‘Occupy’ marchers protest against New York police
Several hundred Occupy Wall Street activists marched through Manhattan on Saturday to protest against what they say is police repression as they try to revive their movement.
Several demonstrators were arrested along the route of the march in scuffles with New York police, who deployed in large numbers to keep activists on sidewalks.
“There were a few arrests, but we don’t have a final number yet,” an NYPD spokeswoman said.
Skirmishes between police and Occupy protesters, who say they represent America’s “99 percent” against a ruling “one percent,” have become near daily occurrences in New York since the spring weather turned warm in recent days.
After surging to international prominence six months ago with its occupation of a plaza near Wall Street, the loosely led organization largely dropped out of the news over the winter. But efforts are building to get Occupy Wall Street back on the move.
“I’m so glad so many of the 99 percent are here today,” one organizer, Aaron, who refused to give his last name, told a crowd of about 200 gathered at Union Square following the march.
“They said we were over, they said we were hibernating, they said we were asleep. Do we look asleep?”
A heavy police presence was deployed at Union Square, including several officers on horseback and a helicopter hovering above.
The reason for Saturday’s protest was alleged police violence during the breakup a week ago of a larger rally at Zuccotti Park near Wall Street on the six month anniversary of Occupy’s founding. Protesters called on New York police commissioner Ray Kelly to resign.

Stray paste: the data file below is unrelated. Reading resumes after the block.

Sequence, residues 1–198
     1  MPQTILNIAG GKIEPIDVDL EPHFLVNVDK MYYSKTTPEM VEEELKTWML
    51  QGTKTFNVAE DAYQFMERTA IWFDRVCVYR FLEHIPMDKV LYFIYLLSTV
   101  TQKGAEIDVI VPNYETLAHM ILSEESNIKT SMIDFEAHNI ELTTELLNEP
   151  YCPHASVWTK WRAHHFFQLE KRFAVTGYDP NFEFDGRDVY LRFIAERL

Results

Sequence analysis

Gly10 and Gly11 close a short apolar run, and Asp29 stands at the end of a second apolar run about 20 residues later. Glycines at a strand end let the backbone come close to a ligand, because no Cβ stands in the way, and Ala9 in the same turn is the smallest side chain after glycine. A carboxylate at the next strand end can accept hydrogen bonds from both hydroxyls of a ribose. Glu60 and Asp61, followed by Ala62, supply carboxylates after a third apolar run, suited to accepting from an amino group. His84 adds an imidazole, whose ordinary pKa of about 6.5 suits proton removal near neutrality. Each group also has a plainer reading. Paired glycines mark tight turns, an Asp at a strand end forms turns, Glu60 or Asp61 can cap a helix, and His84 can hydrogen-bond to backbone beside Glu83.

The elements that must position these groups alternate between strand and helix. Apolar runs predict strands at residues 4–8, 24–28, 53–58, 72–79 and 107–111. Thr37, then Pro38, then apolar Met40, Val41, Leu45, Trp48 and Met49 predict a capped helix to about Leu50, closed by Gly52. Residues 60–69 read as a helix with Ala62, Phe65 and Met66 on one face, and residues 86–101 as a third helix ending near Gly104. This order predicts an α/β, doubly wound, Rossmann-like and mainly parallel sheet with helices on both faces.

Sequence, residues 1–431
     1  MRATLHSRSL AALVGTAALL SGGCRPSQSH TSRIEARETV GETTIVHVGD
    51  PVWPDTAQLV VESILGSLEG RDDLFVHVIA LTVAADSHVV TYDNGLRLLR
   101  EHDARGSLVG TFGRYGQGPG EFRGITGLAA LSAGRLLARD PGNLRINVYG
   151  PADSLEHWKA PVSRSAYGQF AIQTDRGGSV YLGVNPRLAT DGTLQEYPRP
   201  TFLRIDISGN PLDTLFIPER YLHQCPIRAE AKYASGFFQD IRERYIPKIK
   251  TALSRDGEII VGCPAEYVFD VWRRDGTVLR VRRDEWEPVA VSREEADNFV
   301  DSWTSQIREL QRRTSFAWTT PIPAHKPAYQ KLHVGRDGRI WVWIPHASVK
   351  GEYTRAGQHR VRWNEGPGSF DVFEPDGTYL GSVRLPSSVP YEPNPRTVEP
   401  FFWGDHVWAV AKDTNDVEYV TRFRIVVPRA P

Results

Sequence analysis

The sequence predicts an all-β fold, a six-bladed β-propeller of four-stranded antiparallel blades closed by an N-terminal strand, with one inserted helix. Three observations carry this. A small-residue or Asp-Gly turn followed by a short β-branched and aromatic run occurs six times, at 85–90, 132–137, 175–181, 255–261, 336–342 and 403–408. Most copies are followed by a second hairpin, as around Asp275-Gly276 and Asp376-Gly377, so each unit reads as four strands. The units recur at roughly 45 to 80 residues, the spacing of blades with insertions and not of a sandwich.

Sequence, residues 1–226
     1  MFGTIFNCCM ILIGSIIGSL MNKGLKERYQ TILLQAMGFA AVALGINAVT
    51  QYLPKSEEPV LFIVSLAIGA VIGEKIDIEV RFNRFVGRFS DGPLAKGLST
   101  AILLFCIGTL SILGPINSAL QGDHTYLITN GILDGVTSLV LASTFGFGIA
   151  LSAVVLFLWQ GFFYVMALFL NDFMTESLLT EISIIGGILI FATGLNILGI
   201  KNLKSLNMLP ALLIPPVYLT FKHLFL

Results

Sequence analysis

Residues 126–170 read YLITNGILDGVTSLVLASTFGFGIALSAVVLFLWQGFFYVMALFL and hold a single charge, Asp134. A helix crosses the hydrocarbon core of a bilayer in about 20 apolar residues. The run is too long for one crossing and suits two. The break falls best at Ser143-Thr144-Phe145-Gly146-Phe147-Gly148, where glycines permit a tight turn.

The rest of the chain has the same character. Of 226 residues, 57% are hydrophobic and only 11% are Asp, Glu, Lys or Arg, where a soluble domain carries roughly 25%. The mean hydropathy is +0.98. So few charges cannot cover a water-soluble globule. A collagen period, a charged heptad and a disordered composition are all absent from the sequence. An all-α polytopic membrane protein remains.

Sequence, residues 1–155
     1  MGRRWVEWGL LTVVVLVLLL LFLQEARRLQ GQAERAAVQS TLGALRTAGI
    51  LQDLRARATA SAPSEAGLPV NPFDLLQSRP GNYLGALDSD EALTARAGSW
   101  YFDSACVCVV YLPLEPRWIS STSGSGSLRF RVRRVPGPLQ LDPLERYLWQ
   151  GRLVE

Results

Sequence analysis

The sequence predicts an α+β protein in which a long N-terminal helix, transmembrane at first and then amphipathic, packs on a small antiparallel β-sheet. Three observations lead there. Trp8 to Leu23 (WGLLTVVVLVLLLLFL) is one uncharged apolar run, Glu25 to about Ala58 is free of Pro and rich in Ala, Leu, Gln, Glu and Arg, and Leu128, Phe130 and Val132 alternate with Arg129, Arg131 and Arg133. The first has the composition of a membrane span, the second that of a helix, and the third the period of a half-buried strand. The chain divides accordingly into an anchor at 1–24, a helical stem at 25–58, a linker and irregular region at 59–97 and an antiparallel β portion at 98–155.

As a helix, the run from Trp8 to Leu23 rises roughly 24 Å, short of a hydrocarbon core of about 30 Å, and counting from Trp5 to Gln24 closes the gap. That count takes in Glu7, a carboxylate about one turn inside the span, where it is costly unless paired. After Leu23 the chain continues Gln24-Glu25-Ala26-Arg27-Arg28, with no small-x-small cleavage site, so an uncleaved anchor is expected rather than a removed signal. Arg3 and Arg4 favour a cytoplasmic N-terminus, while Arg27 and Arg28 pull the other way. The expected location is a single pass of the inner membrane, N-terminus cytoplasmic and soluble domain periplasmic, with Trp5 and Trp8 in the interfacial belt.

After being forcibly evicted from Zuccotti Park, the location the movement was born in last year, it appears that some protesters are targeting bustling Union Square as a potential camp. At night, police have started to take the unusual move of restricting access to the square in order to prevent Occupy activists from settling in.
Katherine Bromberg, an observer with the New York Civil Liberties Union, said that she’d witnessed “a significant uptick” of rough tactics. “If they don’t arrest them, they harass them.”
Occupy began as a mix of idealistic college students, out of work older people, and many others concerned about a growing gap between the very rich and the increasingly squeezed middle class in the United States. Anarchists and others far from the mainstream, however, have changed the mix at many rallies.
Arckii Kim, a fashionable 29-year-old who works in marketing, said she came Saturday to show that regular working people still believed in Occupy’s cause.
“I work full time nine to six and pay all my taxes,” she said. “It’s not all hippies.”
Kim, who comes from South Korea, said she was angry at police pressure on activists trying to gather peacefully. “I don’t think of this as a democratic country. This is not what I expected about America.”
Police say they let the protesters rally and march but will not allow them to take over parks or block traffic.
Another New York rally was due to be held Saturday near the United Nations building and another in Brooklyn on Sunday.